Japan’s government is pushing for a new strategy to win more overseas infrastructure projects, as it feels threatened by growing global competition and needs help from external demand to boost growth in the world’s No.2 economy.
Japan Inc. hopes to gain a competitive edge with the plan, including expanding scope for a government-backed agency to offer long-term loans to firms, but analysts see a tough road ahead for Japan, already behind countries like South Korea and France.
For now, Japan’s government is targeting nuclear power plants and high-speed railway projects abroad, but it is looking into other areas such as water and coal-fired power projects.
To beef up diplomatic efforts to pitch Japan’s technology abroad, Transport Minister Seiji Maehara will make a three-day visit to the United States from Thursday to promote Japan’s high-speed railway systems.
He will be accompanied by top executives from Kawasaki Heavy, Central Japan Railway Co (JR Tokai), and East Japan Railway, whose competitors include industry giants such as Canada’s Bombardier, Germany’s Siemens and France’s Alstom.
“I would like to pitch our high-speed train systems, which will be supported by ‘all Japan’ efforts of public-private partnership,” Maehara told reporters.
Maehara noted Japan’s shinkansen bullet trains have had no fatal accidents since they started operating in 1964 and their average delay over the past 45 years was less than a minute.
He would also contend shinkansen’s lighter rolling stock makes running costs lower, keeping the train systems more energy efficient and environment friendly than its rivals, Maehara said.
The government’s plan, expected to be a key pillar in Japan’s growth strategy to be finalised in June, also includes steps to help set up infrastructure funds for overseas projects and the use of export insurance to cover risks-associated policy changes.
The move comes after Japan lost face in an unsuccessful bid for a nuclear power plant project in the United Arab Emirates, which was won by a South Korean low-cost government-backed offer.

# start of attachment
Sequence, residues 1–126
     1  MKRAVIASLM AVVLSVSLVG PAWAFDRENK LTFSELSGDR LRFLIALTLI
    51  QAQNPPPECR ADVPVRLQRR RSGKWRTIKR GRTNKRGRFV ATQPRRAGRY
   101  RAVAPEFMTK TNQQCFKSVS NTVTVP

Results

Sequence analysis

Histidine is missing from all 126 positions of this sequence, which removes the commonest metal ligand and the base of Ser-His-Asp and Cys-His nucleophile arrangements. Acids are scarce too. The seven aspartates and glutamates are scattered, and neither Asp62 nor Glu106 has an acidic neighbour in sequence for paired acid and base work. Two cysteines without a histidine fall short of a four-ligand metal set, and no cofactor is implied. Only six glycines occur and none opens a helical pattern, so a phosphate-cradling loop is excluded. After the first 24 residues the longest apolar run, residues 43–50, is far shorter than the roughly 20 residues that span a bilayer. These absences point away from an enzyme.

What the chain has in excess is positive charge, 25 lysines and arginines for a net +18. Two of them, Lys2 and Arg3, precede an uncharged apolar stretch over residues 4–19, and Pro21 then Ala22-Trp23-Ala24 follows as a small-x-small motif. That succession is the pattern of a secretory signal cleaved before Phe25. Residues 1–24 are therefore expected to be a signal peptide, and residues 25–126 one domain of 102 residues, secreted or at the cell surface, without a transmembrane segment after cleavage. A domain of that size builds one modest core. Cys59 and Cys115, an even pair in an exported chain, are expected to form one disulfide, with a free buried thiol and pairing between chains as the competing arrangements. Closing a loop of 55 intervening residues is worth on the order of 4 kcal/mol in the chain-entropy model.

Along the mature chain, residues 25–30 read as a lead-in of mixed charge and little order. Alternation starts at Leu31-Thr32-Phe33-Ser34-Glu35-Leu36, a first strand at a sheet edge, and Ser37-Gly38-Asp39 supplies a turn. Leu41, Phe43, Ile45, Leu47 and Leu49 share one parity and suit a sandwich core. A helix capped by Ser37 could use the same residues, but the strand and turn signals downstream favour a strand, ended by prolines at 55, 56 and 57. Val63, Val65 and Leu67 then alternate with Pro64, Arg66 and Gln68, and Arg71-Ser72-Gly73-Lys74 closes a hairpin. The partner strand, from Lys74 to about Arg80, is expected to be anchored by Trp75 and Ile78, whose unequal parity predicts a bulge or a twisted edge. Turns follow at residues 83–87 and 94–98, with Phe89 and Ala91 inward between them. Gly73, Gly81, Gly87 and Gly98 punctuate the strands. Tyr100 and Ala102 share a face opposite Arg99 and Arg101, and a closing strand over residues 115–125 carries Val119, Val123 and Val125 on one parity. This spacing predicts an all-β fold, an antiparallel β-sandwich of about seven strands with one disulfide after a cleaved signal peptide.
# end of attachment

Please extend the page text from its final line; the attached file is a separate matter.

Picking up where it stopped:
Prime Minister Yukio Hatoyama’s government has vowed to boost domestic demand for growth. But with a limited scope for that approach due to a rapidly ageing society, it realises the need to rely on exports, including tapping the global infrastructure investment demand, estimated by Morgan Stanley at a cumulative $41 trillion by 2030.
Merely Catching Up
As a key measure in the strategy, the government enabled the Japan Bank for International Cooperation (JBIC) to provide long-term low-interest loans for high-speed railway projects in advanced economies, not just in developing nations.
In the case of industrialised nations, the state-backed JBIC had only been allowed to lend for nuclear power plant projects.
“After the Lehman shock, we thought about different kinds of growth strategy or stimulus steps. Seeking infrastructure projects abroad, both in developing and developed countries, was seen as a means of survival for many companies,” he said.
But the JBIC step merely puts Japan Inc. on an equal footing with foreign competitors by getting rid of an obstacle Japan uniquely had, said Toyoaki Fujita, head of JBIC’s policy and strategy department for financial operations.
Other countries like France and South Korea have won bids by packaging the offer to include everything from educating local workers, providing consultants, to taking care of security, in addition to building infrastructure and managing projects.
Japan seeks to catch up with them, with a slogan of “all Japan” efforts to offer comprehensive packages—a move that could revisit Japan’s traditional compartmentalised corporate structures that have made it hard to have ‘one voice’ for Japan.
But to win bids more efficiently, some analysts said Japan should be open minded about working with foreign firms in its consortiums despite its ‘all Japan’ campaign.
The question also remains how far Japan would go to compete with low-cost projects offer